Much of the sector is “still finding it difficult to move beyond tokenistic gestures” when it comes to centring the voices of marginalised groups and the communities it works with, fundraisers have heard.
Jaden Osei-Bonsu, programme manager at the leadership development community interest company the Centre for Knowledge Equity, told delegates at the Chartered Institute of Fundraising’s annual convention that the sector needed to shift power to the communities it supported, rather than telling them how to solve their problems.
Speaking at the online convention during an event focusing on how to be an ally to marginalised groups, Osei-Bonsu also called for larger charities to think about how they could work in genuine partnership with grassroots organisations which allowed them to lead programmes, rather than simply advising.
“Historically with the charity sector, fundraising usually puts communities in a position where they are being researched or people are trying to tell them what is going to solve their problems,” Osei-Bonsu said, adding that the conversation should be about shifting power to communities with direct experience of the issues being addressed.
“The sector loves to use key terms like 'asset-based', 'co-produce' and 'lived experience', but I find the majority are still finding it difficult to move beyond tokenistic gestures towards a more meaningful space.”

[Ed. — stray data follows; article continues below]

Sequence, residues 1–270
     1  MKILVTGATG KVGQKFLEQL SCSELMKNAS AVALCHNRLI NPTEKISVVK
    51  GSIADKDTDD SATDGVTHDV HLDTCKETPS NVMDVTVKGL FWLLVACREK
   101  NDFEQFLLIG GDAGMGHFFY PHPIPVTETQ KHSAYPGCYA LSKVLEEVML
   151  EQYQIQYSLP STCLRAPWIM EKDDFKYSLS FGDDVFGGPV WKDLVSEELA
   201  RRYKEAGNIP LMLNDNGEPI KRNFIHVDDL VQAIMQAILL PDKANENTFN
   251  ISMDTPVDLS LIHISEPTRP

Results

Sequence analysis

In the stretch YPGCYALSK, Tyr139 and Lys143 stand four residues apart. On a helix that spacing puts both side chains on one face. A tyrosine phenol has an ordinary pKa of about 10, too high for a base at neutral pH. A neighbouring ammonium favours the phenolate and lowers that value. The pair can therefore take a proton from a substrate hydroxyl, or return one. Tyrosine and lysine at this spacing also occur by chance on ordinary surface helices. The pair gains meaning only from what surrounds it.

He said the sector needed to look at how it could “create room for marginalised communities and move beyond participation and get them to lead the work directly”.
Organisations needed to understand what role they could play in elevating grassroots groups with more experience in a particular area – through joint bids for funding, for example – but needed to ensure they were working in genuine partnership.
“We’re looking at equal ownership of the programme rather than bringing in community organisations just to deliver a part of it,” he said.
His fellow panellist Yolanda Copes-Stepney, founder of Speak & Do, which represents actors and speakers, said that when engaging with marginalised communities, organisations needed to make a conscious effort to ask what results the communities wanted to see from the engagement.
Drawing on her experience in youth work, she said too often the young people she spoke to had believed nothing would come from their involvement and they would not be listened to
“You have to speak to young people and ask why they wouldn’t want to be involved and make it desirable for them to do so,” she said.
“It’s about asking them lots of questions – you can’t assume anything for them.”
She also said organisations and individuals needed to remember that allyship and supporting marginalised groups was “going to be a constant process of learning”.